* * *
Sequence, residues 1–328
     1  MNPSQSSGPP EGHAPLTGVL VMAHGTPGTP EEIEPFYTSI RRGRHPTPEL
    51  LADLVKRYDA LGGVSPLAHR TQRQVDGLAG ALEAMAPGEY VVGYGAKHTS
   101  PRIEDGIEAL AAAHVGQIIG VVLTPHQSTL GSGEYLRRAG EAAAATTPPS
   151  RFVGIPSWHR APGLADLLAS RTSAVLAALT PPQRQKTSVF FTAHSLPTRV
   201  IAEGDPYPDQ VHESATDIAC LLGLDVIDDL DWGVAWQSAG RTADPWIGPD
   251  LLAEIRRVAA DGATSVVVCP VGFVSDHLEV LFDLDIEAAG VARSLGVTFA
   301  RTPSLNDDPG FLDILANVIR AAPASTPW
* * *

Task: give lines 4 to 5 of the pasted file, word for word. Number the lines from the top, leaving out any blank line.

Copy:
   101  PRIEDGIEAL AAAHVGQIIG VVLTPHQSTL GSGEYLRRAG EAAAATTPPS
   151  RFVGIPSWHR APGLADLLAS RTSAVLAALT PPQRQKTSVF FTAHSLPTRV